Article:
1967: The first Civil Engineer Corps (CEC) officer to be killed in Vietnam was Lt. Joseph J. Rhodes, a member of Mobile Construction Battalion (MCB) 121. Rhodes was riding in a jeep that struck a land mine and he died from multiple shrapnel wounds. Two other occupants of the jeep, Chief Steelworker Gordon J. Dibble and Builder (Concrete) 3rd Class Jon R. Morbay, were also killed. A Seabee camp at Quang Tri, RVN was later dedicated in Rhodes’ memory. A plaque bearing the inscription, “Camp Rhodes Dedicated in Honor of Lt Joseph John Rhodes, Killed in Action October 23, 1967” was unveiled by Rear Admiral A.C. Husband, then Chief of Civil Engineers.

1967: Main body of NMCB 133 departed RVN and returned to CBC, Gulfport, Mississippi; an NMCB 11 advance party of two officers, 27 enlisted personnel, and 1 dog (Seabee Team 1108’s mascot “Colonel”) departed Dong Ha, RVN for return to the continental U. S. (CONUS).

1968: Cmdr. D.A. Bartley, commanding officer of NMCB 10, relieved Cmdr. R.M. Fluss, commanding officer of NMCB 4, as commanding officer of Camp Haines, RVN.

1969: Seabee Teams 0915 and 0916 were transferred to NMCB 10.

2009: Rear Adm. Richard E. Cellon, CEC, USN was relieved by Rear Adm. Mark A. Handley, CEC, USN as the commander, First Naval Construction Division, Joint Expeditionary Base Little Creek, Virginia.

OCTOBER 24

1942: The African American 34th Naval Construction Battalion is commissioned by Rear Adm. Lewis B. Combs at Camp Allen, Norfolk, Virginia. The 34th NCB is the first African American Seabee battalion in the Navy.

1944: Tank mounted flame throwers became a productive weapon for routing Japanese soldiers out of caves and pillboxes during the Second World War. A composite group was set up to assist the Army’s Chemical Warfare personnel in developing this weapon. Included in the group was an officer and 25 Seabees from the 117th NCB. After several demonstrations, the flame throwing tank proved to be generally satisfactory except for one technical detail, which the tankmen said was a distinct disadvantage. The Seabees set to work on a design for a functional modification of the weapon. Not only did the Seabee design eliminate the objectionable feature of the prior models, but it greatly reduced the number of moving parts. At its first demonstration on October 24, 1944, the new weapon was given enthusiastic approval by tankmen and chemical warfare officers. In addition to building these flame thrower tanks, Seabees also instructed tankmen how to operate them. The Seabee instructors assisted in making experts out of Army and Marine tankmen before the tanks went into action in such places at Iwo Jima, Okinawa, and Peleliu.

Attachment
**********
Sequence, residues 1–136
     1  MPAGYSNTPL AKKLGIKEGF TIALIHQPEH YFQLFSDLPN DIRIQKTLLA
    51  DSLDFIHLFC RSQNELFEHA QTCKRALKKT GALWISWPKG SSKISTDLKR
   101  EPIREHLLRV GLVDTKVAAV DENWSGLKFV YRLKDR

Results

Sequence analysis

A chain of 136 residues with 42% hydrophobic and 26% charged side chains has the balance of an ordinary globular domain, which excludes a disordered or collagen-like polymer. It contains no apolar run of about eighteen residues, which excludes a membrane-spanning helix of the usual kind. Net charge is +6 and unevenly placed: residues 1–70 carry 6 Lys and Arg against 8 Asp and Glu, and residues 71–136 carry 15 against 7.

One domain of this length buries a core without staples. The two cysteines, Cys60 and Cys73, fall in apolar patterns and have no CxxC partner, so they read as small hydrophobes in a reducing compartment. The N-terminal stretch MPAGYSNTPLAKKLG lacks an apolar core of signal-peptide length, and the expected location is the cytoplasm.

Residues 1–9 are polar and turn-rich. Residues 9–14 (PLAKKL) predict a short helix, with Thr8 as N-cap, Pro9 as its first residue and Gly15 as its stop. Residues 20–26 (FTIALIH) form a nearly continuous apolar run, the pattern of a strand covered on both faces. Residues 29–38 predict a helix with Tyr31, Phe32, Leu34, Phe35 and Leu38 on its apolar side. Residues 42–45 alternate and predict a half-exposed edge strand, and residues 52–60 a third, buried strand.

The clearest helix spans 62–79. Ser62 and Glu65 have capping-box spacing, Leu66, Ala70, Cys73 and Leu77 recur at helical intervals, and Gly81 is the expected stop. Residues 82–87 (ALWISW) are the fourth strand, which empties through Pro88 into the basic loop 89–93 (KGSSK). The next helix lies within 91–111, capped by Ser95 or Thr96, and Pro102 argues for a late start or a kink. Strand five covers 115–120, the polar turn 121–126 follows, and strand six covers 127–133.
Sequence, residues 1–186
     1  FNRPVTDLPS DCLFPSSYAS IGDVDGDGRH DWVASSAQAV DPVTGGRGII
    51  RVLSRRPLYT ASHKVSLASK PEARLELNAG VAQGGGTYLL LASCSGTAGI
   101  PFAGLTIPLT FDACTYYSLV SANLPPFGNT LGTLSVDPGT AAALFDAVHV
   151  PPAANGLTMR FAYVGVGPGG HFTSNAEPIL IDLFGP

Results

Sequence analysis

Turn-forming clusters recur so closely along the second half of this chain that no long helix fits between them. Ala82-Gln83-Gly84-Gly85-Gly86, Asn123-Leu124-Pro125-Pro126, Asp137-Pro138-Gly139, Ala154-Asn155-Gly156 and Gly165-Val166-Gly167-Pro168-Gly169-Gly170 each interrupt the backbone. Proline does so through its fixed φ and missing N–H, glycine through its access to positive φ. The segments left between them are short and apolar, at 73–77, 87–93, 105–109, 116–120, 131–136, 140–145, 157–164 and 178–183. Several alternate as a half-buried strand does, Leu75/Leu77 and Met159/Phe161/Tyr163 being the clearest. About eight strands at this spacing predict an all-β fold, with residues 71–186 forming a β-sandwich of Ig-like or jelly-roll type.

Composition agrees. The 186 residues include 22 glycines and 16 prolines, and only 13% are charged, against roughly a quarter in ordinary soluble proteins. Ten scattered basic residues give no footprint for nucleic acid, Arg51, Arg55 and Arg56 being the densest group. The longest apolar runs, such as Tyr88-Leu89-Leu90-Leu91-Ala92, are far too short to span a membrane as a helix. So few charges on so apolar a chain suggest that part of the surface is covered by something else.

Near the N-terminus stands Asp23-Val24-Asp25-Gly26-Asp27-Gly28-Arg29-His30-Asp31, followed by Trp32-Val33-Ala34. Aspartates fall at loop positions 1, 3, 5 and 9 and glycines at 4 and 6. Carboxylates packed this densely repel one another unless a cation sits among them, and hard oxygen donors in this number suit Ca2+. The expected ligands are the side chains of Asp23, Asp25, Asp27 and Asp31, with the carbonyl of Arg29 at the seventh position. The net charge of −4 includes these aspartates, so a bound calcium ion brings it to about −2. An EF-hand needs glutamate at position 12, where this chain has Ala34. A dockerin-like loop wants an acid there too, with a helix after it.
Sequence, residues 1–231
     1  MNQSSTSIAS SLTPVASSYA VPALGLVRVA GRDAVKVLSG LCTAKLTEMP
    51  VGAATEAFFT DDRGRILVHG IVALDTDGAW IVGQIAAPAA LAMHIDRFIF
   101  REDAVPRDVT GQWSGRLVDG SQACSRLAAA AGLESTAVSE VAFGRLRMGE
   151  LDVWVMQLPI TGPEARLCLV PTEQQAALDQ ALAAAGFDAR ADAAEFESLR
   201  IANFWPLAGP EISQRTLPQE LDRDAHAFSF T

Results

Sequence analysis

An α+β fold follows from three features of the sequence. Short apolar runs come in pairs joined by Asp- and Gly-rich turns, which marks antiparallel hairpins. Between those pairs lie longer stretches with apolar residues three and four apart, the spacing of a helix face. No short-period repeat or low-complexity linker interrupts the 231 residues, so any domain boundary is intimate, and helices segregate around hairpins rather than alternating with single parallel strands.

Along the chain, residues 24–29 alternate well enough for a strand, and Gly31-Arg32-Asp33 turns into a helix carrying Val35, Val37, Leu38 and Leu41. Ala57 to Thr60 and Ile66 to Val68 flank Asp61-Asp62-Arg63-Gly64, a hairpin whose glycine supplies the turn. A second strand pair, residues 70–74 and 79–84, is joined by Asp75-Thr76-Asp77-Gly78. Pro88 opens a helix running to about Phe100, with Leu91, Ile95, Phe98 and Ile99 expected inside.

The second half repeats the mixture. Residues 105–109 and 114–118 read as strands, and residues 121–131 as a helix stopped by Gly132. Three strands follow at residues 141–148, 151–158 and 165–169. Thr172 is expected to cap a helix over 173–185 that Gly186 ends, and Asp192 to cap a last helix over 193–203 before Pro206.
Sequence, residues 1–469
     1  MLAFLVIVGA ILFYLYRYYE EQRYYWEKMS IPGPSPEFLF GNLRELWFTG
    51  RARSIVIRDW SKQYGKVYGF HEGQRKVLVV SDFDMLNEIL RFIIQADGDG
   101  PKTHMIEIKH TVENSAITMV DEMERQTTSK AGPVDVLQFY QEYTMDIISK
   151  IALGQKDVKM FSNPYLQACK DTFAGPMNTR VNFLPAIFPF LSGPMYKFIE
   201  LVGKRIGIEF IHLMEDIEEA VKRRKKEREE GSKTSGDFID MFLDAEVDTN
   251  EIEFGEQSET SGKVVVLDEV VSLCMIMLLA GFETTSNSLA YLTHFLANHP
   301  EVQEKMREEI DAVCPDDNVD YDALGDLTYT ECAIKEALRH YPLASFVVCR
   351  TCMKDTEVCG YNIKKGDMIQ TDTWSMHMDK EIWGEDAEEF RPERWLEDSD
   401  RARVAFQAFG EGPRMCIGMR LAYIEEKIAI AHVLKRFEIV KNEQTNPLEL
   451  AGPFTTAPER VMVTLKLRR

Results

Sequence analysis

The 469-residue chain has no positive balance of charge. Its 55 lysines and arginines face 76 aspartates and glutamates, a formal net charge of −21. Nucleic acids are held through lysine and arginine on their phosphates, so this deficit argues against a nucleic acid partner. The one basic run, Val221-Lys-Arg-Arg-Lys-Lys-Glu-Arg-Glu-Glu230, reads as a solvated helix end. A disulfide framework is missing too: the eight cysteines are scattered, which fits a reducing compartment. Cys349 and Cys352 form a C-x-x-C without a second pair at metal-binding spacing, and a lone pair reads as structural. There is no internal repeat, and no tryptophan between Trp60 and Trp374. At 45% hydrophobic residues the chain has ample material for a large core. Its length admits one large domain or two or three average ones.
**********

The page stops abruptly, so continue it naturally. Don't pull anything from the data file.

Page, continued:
1944: 9th Naval Construction Brigade commissioned; 41st NCR commissioned.

1945: 36th NCR inactivated.

1967: Cmdr. D.W. Wittschiebe, CEC, USN, commanding officer of NMCB 128, relieved Cmdr. E.H. Marsh, CEC, USN, commanding officer of NMCB 133, at camp Faulkner, Da Nang East, RVN; NMCB 128 main body arrived in Da Nang, RVN; NMCB 71 main body of 20 officers and 782 Seabees departed Chu Lai, RVN for Davisville, Rhode Island on nine C-141 aircraft; NMCB 40 main body arrived in Chu Lai, RVN.


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Consolidated by Dr. Frank A. Blazich Jr., Historian, Naval History and Heritage Command